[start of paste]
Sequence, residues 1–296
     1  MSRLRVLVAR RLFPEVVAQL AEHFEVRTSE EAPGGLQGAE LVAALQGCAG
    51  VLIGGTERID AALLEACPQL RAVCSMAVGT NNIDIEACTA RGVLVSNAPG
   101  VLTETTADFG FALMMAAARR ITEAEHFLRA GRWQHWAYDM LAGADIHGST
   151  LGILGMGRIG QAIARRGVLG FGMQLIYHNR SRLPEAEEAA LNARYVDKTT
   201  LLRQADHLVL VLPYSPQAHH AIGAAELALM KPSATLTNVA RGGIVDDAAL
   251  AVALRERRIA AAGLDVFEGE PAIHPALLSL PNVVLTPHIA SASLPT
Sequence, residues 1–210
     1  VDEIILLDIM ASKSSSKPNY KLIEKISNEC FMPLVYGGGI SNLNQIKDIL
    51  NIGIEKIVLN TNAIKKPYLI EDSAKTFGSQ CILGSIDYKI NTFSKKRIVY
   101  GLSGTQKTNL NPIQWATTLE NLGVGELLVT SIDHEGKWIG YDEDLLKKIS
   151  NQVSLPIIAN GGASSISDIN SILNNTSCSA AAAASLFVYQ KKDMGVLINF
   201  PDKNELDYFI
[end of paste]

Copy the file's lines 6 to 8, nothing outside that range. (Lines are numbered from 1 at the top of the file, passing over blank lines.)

   201  LLRQADHLVL VLPYSPQAHH AIGAAELALM KPSATLTNVA RGGIVDDAAL
   251  AVALRERRIA AAGLDVFEGE PAIHPALLSL PNVVLTPHIA SASLPT
Sequence, residues 1–210